Now that the future predicted in Back to the Future is in the past, 2015 saw releases of equipment and camera technology from the likes of Canon, Nikon and Sony going way beyond our futuristic expectations. Not that you would always be able to tell just by looking at them. I'm not sure if it is the uncertainty of our present times but we no longer have the confident, Utopian designs and visions of the future. Most camera manufactures have a range of cameras styled on 1960/70s designs, bookshops are selling classic vinyl records, and announced at CES a new turntable and Kodak Super 8 Camera was announced for sale this year. There's certainly comfort in the familiar and the past, but I think there is also a growing desire to appreciate the craft and skills lost within the digital world.
A few users of the new generation Sony cameras I know complain that the cameras operate as computers with lenses, not allowing greater personal control of the settings and 'smart' levels of automation. The end feeling that the camera took more of the shot than you did is not a particularly great feeling for some serious users. Some might say who cares as long as the picture looks great, but this feeling of being an operator of digital software and not the director of a final product has been nagging away at me for some time now.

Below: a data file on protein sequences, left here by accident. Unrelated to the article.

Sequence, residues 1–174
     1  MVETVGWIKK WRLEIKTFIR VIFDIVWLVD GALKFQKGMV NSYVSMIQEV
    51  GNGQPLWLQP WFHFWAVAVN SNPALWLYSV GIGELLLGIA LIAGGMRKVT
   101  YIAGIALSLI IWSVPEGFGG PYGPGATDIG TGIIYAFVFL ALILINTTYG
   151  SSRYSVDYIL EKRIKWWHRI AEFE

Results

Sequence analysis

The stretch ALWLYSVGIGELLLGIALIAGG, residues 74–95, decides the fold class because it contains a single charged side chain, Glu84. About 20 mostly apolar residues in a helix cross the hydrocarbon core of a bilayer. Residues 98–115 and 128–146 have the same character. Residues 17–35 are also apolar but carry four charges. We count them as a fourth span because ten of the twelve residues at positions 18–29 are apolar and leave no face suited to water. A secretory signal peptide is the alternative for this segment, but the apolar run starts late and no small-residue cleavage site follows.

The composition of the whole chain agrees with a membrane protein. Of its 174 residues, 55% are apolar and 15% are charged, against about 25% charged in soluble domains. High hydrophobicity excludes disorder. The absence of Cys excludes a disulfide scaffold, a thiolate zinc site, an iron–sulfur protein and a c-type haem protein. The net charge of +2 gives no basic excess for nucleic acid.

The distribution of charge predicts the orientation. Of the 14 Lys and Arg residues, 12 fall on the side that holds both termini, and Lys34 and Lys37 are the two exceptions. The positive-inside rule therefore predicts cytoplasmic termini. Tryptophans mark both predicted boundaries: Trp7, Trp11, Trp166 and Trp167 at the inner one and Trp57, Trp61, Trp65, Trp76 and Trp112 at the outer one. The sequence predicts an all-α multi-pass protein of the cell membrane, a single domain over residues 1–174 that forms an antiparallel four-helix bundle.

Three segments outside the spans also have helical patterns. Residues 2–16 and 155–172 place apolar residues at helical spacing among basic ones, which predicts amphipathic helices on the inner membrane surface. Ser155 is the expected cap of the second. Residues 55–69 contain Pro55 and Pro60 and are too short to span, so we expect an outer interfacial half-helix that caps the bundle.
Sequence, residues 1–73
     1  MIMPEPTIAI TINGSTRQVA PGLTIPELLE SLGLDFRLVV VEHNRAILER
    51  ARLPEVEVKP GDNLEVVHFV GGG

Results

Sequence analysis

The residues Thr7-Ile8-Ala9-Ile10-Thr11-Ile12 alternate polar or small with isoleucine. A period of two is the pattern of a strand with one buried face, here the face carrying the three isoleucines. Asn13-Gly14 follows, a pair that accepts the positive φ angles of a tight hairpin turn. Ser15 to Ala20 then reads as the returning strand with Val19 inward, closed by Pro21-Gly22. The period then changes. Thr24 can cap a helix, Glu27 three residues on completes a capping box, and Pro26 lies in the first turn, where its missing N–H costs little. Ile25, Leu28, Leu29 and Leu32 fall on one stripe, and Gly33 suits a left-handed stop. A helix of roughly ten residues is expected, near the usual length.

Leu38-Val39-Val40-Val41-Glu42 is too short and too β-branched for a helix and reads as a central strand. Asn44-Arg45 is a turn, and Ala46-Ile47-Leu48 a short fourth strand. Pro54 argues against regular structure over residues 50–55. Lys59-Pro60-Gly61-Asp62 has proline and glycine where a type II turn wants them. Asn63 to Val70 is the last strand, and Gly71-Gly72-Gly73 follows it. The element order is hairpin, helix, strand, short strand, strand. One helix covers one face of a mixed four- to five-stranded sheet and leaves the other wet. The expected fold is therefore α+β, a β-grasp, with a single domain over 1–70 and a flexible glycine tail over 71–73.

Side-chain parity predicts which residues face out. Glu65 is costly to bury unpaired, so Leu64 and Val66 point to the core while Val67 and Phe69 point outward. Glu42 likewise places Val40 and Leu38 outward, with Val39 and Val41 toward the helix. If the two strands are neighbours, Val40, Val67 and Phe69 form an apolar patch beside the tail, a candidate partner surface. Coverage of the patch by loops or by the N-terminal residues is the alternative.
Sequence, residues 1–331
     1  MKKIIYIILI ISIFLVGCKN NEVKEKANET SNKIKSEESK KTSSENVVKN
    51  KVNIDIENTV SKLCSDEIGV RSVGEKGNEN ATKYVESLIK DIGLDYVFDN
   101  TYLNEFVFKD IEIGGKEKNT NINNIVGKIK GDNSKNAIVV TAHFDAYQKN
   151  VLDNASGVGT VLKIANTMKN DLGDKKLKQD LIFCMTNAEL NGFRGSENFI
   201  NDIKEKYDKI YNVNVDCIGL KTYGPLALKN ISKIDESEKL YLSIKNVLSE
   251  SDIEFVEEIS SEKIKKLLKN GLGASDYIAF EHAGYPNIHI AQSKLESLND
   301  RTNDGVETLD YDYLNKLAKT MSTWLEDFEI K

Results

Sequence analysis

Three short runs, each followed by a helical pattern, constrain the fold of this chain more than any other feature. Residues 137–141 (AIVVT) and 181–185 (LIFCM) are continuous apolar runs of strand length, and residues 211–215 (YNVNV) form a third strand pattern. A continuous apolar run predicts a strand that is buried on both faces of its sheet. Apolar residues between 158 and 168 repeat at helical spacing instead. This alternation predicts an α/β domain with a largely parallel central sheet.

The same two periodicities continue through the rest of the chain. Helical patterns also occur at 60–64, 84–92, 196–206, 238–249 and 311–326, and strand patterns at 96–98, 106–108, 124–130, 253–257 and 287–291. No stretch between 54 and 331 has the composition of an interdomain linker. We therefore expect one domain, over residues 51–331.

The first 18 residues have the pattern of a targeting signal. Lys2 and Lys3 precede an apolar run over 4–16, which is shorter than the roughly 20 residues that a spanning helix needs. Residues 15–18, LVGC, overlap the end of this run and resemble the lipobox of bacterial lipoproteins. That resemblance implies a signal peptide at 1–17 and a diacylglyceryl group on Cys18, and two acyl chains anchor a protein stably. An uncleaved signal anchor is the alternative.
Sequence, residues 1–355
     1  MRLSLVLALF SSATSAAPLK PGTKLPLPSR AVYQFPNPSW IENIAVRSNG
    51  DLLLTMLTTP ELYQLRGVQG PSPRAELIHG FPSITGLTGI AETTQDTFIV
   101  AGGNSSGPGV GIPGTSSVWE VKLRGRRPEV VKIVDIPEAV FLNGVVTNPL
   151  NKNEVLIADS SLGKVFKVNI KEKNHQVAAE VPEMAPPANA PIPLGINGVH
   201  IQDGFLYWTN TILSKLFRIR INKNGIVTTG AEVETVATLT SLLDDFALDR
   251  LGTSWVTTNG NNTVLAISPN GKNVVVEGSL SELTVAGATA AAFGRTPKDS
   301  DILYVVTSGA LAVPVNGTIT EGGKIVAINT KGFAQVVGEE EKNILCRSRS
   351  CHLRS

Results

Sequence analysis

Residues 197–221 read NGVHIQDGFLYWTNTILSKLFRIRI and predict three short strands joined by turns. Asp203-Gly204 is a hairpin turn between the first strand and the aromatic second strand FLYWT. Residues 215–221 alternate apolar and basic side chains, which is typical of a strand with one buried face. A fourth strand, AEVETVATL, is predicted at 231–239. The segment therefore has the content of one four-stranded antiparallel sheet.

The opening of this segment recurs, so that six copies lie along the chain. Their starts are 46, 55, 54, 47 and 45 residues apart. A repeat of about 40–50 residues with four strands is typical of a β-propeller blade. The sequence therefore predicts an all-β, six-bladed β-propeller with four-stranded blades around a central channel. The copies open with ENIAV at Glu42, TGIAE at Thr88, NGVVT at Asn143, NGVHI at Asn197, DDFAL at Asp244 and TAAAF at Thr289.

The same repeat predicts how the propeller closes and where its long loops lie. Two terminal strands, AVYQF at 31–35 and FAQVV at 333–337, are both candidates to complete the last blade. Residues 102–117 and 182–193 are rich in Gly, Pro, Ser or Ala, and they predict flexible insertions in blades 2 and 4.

I'd not shot any film in anger for 14 years until I received a Fuji Instax instant camera this Christmas. Whilst it doesn't compare to a 'proper' film camera experience, the 10 shot film pack brought the memories flooding back. And, of course, you create a real, tangible image to hold in your hands - the pleasure of which is not to be underestimated.
This isn't some hipster rejection of digital technology as I'm still going to be using my digital cameras a lot,but this year I'm going to focus on improving my skills as a photographer by returning to the craft of film. Even though I've only shot 2 rolls/ 20 prints in total, shooting film has already sharpened my wits. Success or not, I'll be sure to report back here.
Oh, and Happy New Year to you, if that's not too late to say....
Till next time,
* Images shot with Mamiya 7II 80mm Kodak Portra 400 & Ilford HP5 400 film